It’s slightly wild that Si Laa is still relatively unknown outside of the local crowd, because this small family-run spot on S. Robertson is one of the better Thai restaurants in Los Angeles. The atmosphere inside is calm and somewhat romantic - your 3am pad thai throwdown spot this is not. But if you’re looking for excellent (and authentic) Thai food in a slightly upscale environment, Si Laa is your spot.
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We used to hesitate whenever a friend would suggest a Hillstone restaurant, because, well, there are multiple locations across 14 states, and all of them are kind of the same. But here’s the thing about Hillstone restaurants: they make a perfect martini, an incredible rack of ribs, and that fried chicken sandwich cut three ways is on almost every table for good reason. South Beverly Grill, a Hillstone restaurant on Beverly Drive, is no exception. We recommend sliding into a booth at this dark American spot when you’re ravenously hungry and looking to celebrate anything from an engagement to finishing out the workday.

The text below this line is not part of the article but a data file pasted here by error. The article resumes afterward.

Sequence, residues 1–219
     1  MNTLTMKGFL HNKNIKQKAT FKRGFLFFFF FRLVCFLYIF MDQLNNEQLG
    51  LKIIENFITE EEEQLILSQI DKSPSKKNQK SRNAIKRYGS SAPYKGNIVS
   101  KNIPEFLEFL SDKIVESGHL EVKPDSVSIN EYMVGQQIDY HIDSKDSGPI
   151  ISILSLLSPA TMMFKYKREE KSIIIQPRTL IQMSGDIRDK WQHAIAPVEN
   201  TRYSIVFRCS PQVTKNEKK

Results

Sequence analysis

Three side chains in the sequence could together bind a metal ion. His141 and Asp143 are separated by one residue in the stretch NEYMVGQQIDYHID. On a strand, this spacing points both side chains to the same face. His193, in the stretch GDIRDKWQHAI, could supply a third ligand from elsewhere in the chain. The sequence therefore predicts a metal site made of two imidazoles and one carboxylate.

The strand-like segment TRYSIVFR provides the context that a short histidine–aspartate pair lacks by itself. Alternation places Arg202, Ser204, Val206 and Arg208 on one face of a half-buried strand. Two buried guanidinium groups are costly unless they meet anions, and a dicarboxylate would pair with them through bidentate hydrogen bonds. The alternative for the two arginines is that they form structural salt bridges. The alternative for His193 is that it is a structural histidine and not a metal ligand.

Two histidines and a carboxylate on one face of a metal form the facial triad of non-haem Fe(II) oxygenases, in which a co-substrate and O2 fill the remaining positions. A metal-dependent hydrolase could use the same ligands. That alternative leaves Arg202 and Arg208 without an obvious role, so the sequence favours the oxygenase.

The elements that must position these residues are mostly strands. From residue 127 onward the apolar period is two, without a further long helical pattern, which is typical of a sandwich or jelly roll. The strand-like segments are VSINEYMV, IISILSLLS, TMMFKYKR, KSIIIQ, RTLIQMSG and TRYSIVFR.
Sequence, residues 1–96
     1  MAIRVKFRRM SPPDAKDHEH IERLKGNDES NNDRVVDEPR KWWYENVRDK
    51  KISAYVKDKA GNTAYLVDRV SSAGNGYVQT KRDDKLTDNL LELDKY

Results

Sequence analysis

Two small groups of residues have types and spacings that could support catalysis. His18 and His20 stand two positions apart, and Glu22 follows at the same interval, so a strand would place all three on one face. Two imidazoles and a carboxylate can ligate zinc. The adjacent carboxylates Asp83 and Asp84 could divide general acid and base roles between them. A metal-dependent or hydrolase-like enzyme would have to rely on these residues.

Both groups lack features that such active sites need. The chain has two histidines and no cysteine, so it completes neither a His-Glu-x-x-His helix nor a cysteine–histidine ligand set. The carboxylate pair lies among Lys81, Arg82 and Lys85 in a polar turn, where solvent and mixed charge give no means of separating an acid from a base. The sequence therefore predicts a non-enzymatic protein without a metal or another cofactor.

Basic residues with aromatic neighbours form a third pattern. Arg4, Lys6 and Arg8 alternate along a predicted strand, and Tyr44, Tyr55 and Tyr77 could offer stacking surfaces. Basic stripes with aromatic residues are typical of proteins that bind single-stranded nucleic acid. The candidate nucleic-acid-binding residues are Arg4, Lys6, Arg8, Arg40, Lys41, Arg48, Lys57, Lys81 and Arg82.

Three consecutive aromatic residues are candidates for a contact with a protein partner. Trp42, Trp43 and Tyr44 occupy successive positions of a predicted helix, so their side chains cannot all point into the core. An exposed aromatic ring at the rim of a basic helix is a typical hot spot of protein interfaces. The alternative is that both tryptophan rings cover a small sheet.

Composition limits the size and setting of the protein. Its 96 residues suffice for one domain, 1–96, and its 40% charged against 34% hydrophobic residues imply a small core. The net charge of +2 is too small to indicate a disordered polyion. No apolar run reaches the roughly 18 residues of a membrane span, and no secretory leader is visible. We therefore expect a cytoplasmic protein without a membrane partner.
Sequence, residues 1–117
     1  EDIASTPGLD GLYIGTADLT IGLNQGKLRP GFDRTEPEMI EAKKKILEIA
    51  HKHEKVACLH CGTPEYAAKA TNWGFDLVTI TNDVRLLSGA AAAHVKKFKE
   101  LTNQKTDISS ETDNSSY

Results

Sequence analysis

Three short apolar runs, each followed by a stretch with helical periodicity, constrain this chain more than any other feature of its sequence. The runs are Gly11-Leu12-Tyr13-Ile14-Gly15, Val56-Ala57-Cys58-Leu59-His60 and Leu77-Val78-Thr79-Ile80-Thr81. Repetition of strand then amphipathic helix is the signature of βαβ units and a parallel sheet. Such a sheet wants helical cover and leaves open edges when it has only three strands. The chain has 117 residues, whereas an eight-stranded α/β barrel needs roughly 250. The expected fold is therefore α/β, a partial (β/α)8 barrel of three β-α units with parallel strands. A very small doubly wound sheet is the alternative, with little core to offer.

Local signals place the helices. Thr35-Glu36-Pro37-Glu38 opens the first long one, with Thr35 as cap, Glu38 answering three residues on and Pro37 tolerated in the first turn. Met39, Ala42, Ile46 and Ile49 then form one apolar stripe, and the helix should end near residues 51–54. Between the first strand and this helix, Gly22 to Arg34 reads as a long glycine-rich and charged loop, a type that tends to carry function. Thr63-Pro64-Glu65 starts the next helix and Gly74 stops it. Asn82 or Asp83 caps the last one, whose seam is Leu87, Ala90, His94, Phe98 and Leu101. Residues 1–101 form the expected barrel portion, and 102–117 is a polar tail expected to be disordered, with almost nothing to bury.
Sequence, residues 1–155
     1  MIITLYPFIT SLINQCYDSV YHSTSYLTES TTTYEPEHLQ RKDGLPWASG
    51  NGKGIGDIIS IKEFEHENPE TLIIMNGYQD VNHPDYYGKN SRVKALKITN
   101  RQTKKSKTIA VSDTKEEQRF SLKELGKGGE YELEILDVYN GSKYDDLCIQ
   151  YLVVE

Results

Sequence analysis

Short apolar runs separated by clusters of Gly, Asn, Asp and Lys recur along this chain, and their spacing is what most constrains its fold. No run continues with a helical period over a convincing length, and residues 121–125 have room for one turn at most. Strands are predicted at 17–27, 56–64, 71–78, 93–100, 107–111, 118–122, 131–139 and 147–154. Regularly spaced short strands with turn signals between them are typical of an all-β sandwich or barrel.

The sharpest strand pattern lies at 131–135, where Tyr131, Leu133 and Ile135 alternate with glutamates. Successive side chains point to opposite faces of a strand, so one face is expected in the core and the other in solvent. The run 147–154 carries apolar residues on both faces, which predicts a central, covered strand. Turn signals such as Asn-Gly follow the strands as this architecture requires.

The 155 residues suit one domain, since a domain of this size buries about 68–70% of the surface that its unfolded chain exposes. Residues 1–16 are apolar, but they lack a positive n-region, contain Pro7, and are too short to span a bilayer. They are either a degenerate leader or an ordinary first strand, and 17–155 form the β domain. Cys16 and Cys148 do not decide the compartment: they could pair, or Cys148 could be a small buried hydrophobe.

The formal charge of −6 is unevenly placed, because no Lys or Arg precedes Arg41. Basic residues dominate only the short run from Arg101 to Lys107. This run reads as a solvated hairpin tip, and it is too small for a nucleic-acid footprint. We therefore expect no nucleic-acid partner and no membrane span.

The Farm of Beverly Hills
Is this the most exciting restaurant in the entire world? No. The Farm of Beverly Hills is an absolutely fine place to eat, a place where house-made turkey chili stands out on the menu and white tablecloths are draped over the tables, just to remind you of what neighborhood you’re in. This longtime lunch staple serves solid American food (our other favorites include the lamb burger and giant towers of ahi tuna), plus there’s always some mid-tier, C-list reality television star dining here.
When South Beverly Grill is too crowded and you don’t want to deal with all the drunk retirees, stop by Honor Bar, the addition very cleverly built out to serve to-go sandwiches to all the normal people who can’t spend two hours at lunch. Get the chicken sandwich or the classic burger - you won’t find a better one in Beverly Hills.